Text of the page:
The device further includes a guide magnet 17 which is fitted on the outlet end of the inclined rail 12 through a retainer 18 and has an arcuate surface 19. The guide magnet 17 has the first magnetic flux density between 4000 and 5000 gauss.

Referring FIG. 5, the guide magnet 17 guides the paramagnetic coin A to a lower side of the outlet end along the arcuate surface 19 to make the paramagnetic coin fly out from the lower side of the outlet end. When the paramagnetic coin A is guided by attractive force along the arcuate surface 19, it is deflected as shown by an arrow B. The paramagnetic coin A is guided as a genuine by a guide lug 23 to a genuine acceptance opening 20 disposed under the inclined rail 12 to pass therethrough as shown by an arrow C.

When a nonmagnetic coin D such as a spurious coin made of brass or nickel rolls on the inclined rail 12, the nonmagnetic coin D flies out along a parabolic travel path E without being affected by the attractive force by the guide magnet 17. The nonmagentic coin D collides with a buffering rivet 21 for buffering the movement of the nonmagnetic coin D and passes through a returning opening 22 as shown by an arrow F to be returned in a known manner.

Patent Citations
Cited PatentFiling datePublication dateApplicantTitle
US2073260 *Jul 20, 1934Mar 9, 1937Gottfried JohnCoin selector
US2528690 *Apr 26, 1947Nov 7, 1950Nat Slug Rejectors IncParamagnetic coin separator
US3059748 *Feb 10, 1959Oct 23, 1962Zygmut S KrysiakMultiple coin separator
US3559789 *Oct 4, 1968Feb 2, 1971Coin Verifiers Co LtdCoin-handling device
US4401488 *Apr 22, 1982Aug 30, 1983Vereinigte Deutsch Metallwerke AgGold-colored coin material
US4579761 *Jul 31, 1985Apr 1, 1986Sherritt Gordon Mines Ltd.Method of making aureate colored coins, medallions and tokens and products so made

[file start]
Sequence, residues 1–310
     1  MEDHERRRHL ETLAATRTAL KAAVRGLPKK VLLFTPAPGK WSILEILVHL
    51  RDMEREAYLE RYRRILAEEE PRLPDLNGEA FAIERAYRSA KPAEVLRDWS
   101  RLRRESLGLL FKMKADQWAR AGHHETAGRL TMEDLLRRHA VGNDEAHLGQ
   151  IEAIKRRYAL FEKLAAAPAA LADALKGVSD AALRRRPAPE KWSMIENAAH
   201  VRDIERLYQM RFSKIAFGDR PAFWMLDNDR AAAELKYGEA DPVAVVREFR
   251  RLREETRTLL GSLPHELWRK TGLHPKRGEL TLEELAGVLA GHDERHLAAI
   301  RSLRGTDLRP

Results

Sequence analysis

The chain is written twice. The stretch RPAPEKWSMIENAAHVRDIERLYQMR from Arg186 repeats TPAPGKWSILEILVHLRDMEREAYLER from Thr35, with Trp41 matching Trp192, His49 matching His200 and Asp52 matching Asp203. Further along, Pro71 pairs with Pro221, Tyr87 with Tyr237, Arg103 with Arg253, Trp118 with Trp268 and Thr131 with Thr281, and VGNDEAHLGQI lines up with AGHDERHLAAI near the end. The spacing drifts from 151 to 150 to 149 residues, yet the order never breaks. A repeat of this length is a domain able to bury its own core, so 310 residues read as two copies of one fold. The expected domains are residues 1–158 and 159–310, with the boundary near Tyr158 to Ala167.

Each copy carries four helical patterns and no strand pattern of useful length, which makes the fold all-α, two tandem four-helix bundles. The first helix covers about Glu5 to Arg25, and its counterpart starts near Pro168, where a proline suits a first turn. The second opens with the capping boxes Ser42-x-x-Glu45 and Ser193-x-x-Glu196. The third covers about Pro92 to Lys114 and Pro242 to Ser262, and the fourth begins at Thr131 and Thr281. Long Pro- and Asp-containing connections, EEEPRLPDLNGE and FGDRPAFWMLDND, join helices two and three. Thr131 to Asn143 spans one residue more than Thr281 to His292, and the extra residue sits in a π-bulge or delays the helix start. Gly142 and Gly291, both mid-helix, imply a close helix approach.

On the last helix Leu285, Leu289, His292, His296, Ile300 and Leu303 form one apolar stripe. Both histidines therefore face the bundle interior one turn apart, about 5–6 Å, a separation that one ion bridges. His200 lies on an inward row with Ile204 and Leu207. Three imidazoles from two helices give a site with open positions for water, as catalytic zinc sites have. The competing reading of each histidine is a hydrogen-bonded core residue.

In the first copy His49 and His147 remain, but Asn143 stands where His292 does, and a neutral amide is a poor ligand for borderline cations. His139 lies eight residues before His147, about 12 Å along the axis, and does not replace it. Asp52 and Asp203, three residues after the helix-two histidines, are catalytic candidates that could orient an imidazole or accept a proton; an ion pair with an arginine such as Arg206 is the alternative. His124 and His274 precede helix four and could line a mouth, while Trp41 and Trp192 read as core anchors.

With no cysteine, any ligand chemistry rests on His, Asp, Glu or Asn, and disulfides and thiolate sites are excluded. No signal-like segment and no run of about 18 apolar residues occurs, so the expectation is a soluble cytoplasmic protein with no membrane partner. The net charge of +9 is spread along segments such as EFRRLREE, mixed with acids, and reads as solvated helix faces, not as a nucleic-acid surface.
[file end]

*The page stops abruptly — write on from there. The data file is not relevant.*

Referenced by
Citing PatentFiling datePublication dateApplicantTitle
US6425471 *Aug 18, 2000Jul 30, 2002Jofemar, S.A.Coin selector
US6634504Jul 12, 2001Oct 21, 2003Micron Technology, Inc.Method for magnetically separating integrated circuit devices
US7210581Jan 16, 2003May 1, 2007Micron Technology, Inc.Apparatus for magnetically separating integrated circuit devices
US20030127369 *Jan 16, 2003Jul 10, 2003Robinson Keith E.Method and apparatus for magnetically separating integrated circuit devices
EP0945836A2 *Mar 9, 1999Sep 29, 1999Assa AbCoin lock
EP1376483A2 *Jun 20, 2003Jan 2, 2004Asahi Seiko Kabushiki KaishaCoin selector for a bimetal coin
Classifications
U.S. Classification194/325, 194/214
International ClassificationG07F1/06, G07D5/08, A44C21/00
Cooperative ClassificationG07D5/04, G07D5/08, A44C21/00, G07F1/06, G07D5/02
European ClassificationG07D5/00, A44C21/00, G07F1/06
Legal Events
DateCodeEventDescription
Mar 26, 1992ASAssignment
Owner name: ASAHI SEIKO CO., LTD.
Free format text: ASSIGNMENT OF ASSIGNORS INTEREST.;ASSIGNOR:ABE, HIROSHI;REEL/FRAME:006069/0568
Effective date: 19920319
Oct 11, 1994CCCertificate of correction
Sep 15, 1997FPAYFee payment
Year of fee payment: 4
Sep 15, 1997SULPSurcharge for late payment
Aug 16, 2001FPAYFee payment
Year of fee payment: 8
Aug 10, 2005FPAYFee payment
Year of fee payment: 12